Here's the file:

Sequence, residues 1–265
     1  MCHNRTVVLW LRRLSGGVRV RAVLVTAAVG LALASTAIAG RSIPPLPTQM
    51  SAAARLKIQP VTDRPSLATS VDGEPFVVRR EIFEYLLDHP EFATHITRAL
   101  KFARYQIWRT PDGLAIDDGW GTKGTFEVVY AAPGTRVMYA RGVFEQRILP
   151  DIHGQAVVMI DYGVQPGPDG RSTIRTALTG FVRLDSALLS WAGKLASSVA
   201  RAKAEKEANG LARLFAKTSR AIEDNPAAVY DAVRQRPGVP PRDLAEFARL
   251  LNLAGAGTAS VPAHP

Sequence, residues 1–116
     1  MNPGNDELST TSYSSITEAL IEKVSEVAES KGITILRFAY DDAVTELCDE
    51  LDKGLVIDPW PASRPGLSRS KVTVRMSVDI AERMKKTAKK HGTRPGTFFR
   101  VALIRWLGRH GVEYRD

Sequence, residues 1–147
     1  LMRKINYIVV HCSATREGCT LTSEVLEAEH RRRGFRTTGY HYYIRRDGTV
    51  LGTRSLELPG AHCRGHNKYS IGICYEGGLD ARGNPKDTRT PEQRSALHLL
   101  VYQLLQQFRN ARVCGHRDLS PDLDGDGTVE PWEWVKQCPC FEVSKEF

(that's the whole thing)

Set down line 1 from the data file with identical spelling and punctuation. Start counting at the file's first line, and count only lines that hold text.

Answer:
Sequence, residues 1–265